Time for ignition! Winter barbecuing.

The Germans are a race of barbecue enthusiasts. This is most evident in the summer months when the smells of good, hearty fare emanate from our gardens and balconies every evening. But, for some years now, barbecuing in the winter too has been a “hot” trend – in the truest sense of the word. Meat expert Wolfgang Otto from Otto Gourmet explains what is involved and reveals his ultimate winter barbecue recipe.

“Barbecuing is really hip these days, thanks partly to a number of well-known German manufacturers, and continues to be fashionable thanks to barbecues and smokers,” explains Wolfgang Otto. He is Europe’s first meat sommelier and his company supplies celebrity chefs and aficionados of first-class quality when it comes to meat. The specialist is enthusiastic about the way things are going on German barbecues. “The consumer has learnt how to conjure up not only steaks and sausages but also complete dishes on the barbecue. So, taking into account human nature, maybe it’s hardly surprising that people are taking a lively interest in further developing barbecuing as a theme. This is how winter barbecuing came about.”wintergrillen_1One of the things you need to be careful about when barbecuing in winter is temperature control, explains Wolfgang Otto. “When the temperature outside hits zero and below you just have to go about handling the barbecue differently and adapt to the change in the weather conditions. There are no ideal techniques when it comes to winter barbecuing. A successful winter barbecue is therefore the embodiment of the fine art of barbecuing.”

And how do you go about achieving the status of an “artist” on the barbecue?  What are the basics for a delicious winter barbecue evening? “Any amount of mulled wine for warming people up plus a high-performance barbecue,” is the professional’s advice. In addition, there are seasonal products such as goose or duck that can be cooked on the barbecue. “We have discovered that people tend to go for larger cuts of meat at a winter barbecue. Roasts seem to have migrated from the stove to the barbecue.” wintergrillen_2Wolfgang Otto’s advice to anyone who wants to be absolutely sure of success is to opt for poulet fermier noir (a breed of chicken that originated in the Dombes region of France). “This is practically a guaranteed winner – although it certainly won’t do any harm to check it with a core temperature thermometer. But the higher the product quality, the more forgiving it is of mistakes.”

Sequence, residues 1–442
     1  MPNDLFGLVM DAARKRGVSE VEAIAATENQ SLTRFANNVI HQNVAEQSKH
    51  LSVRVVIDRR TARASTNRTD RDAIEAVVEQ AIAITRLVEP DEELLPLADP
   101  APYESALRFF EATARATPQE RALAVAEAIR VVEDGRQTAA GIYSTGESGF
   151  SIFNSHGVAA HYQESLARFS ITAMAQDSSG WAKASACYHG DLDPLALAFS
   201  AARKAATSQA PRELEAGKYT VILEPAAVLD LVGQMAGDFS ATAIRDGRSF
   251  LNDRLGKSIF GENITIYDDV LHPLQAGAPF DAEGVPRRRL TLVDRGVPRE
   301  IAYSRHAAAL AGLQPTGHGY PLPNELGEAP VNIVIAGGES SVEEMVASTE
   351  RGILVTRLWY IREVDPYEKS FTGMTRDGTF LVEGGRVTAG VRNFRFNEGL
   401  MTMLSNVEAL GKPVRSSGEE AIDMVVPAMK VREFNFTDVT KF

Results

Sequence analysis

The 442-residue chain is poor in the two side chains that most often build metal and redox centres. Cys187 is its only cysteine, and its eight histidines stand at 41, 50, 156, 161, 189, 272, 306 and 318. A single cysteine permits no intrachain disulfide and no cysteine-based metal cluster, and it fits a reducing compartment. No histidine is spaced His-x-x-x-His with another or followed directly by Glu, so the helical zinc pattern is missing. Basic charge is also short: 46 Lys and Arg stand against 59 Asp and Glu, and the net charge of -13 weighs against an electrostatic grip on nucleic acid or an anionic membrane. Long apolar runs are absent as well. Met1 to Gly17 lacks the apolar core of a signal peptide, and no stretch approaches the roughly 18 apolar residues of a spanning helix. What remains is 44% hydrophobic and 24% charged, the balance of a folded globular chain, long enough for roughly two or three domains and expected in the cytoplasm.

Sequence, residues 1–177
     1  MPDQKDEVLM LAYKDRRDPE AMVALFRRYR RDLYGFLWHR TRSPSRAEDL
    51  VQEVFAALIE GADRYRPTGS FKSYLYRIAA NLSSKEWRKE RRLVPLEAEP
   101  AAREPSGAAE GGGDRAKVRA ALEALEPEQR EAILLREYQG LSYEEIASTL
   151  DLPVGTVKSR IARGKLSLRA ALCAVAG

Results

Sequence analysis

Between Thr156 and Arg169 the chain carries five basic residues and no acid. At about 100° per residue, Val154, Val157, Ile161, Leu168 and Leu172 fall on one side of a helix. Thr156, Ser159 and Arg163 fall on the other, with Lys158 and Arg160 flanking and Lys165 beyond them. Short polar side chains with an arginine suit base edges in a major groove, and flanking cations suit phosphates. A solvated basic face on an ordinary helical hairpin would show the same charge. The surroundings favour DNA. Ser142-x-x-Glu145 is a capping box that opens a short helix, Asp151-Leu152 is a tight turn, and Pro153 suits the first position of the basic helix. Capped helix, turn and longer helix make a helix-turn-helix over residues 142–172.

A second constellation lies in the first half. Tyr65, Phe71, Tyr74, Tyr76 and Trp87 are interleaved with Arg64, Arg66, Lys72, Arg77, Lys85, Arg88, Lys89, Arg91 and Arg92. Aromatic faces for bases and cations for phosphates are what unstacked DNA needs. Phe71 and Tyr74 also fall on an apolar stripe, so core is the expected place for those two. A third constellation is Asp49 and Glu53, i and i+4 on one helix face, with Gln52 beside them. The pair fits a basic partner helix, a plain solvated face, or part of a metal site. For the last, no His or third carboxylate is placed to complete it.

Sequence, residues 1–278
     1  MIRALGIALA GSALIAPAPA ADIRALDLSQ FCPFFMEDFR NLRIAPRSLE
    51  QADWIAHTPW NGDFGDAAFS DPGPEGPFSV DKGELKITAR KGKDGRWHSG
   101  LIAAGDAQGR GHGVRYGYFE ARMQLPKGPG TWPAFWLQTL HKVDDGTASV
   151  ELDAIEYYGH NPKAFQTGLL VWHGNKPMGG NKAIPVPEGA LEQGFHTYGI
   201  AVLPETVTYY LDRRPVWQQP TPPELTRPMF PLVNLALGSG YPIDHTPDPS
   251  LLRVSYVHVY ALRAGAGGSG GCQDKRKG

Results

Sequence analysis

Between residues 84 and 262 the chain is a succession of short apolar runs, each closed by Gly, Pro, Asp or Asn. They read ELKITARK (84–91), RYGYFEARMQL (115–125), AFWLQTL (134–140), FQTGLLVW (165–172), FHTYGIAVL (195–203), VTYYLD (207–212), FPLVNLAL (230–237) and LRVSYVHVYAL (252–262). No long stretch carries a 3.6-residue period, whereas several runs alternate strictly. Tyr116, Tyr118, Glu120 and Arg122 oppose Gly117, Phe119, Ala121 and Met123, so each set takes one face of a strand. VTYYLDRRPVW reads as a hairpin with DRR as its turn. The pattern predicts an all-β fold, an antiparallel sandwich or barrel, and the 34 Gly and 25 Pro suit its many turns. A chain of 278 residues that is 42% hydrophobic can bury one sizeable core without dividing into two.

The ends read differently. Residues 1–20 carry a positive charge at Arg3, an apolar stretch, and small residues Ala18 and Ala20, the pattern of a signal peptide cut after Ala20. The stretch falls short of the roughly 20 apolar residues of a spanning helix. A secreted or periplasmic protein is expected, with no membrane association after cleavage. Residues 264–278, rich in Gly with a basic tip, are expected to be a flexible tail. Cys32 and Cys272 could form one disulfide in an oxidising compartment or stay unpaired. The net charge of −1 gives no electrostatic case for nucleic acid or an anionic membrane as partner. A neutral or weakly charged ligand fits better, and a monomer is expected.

In general, when barbecuing in either summer or winter, you should go for good equipment – unless you’re happy just serving up everyday food like sausages and pasta salad. To start with, you need a sharp knife with which you can trim meat, fish and other delicacies into shape. This will ensure perfect presentation both during and after barbecuing. After all, you’re not barbecuing behind a closed kitchen door! So a bit of savoir-faire when it comes to laying out your meat, spices, marinades and sauces along with all the other ingredients – for example, on a practical barbecue trolley – is just as important as presenting the finished banquet on a table decked to create an impressive ambiance. Practical, beautiful, inspiring and innovative solutions for successful outdoor, indoor, summer or winter barbecues will be on the menu at Ambiente 2015.wintergrillen_3Last but not least, a seasonal recipe for winter fare from the Otto Gourmet barbecuing manual “On Fire”, created by Head Chef Nils Jorra.

Saddle of venison gratinée with white chocolate and coffee, cold stirred  cranberries and parsnips

Gas barbecue
Direct / indirect heat
200 °C

Ingredients for 8 persons
1 saddle of venison, trimmed
For the gratin
250 g soft butter
10 g coffee beans, roasted and ground
75 g pine nuts, roasted and chopped
50 g white chocolate, grated
80 g Panko breadcrumbs
5 g salt
2 g Esplette pepper
2  sheets of baking parchment

8  slices toast
250 ml pig’s blood
1 tbsp. chestnut honey
1 generous pinch of  Lebkuchen spice (Ingo Holland)
120 g cranberries (cold stirred)
80 g small parsnips
Leaves of young red chard

Process the butter for the gratin in a food processor and fold in the remainder of the ingredients. Then spread the mixture on baking parchment and roll out to a thickness of approx. 2–5mm with the rolling pin. Set aside to cool. Afterwards cut the mixture with the baking parchment underneath to the width of the saddle and place this strip across the top of the saddle.

Marinate the slices of toast with pig’s blood, chestnut honey, Lebkuchen spices and salt, then freeze. Barbecue the saddle of venison on direct heat for approx. four minutes at 200 °C until a core temperature of 35–38 °C is reached. Then cook for approx. five minutes in the resting zone at 150 °C on indirect heat until a core temperature of 45–48 °C is reached. Then turn the barbecue up to 220 °C.

Take the prepared gratin trays out of the fridge, place on the saddle of venison, peel off the baking parchment and cook au gratin at 220° with the lid closed until the saddle has reached the target core temperature of 56 °C.

Wash the parsnips thoroughly and bake alongside for 25–45 minutes on indirect heat. Then peel / scrape and marinate with apple cider vinegar, walnut and olive oil.
Warm the cold stirred cranberries to room temperature, divide up between the plates and put the barbecued parsnips on top. Then retrieve the marinated toast slices from the fridge, barbecue briefly on direct heat and then break into pieces over the parsnips, place the browned saddle of venison on top, garnish with the chard leaves and season as desired with a few salt flakes (or, if available) some veal jus as a final flourish.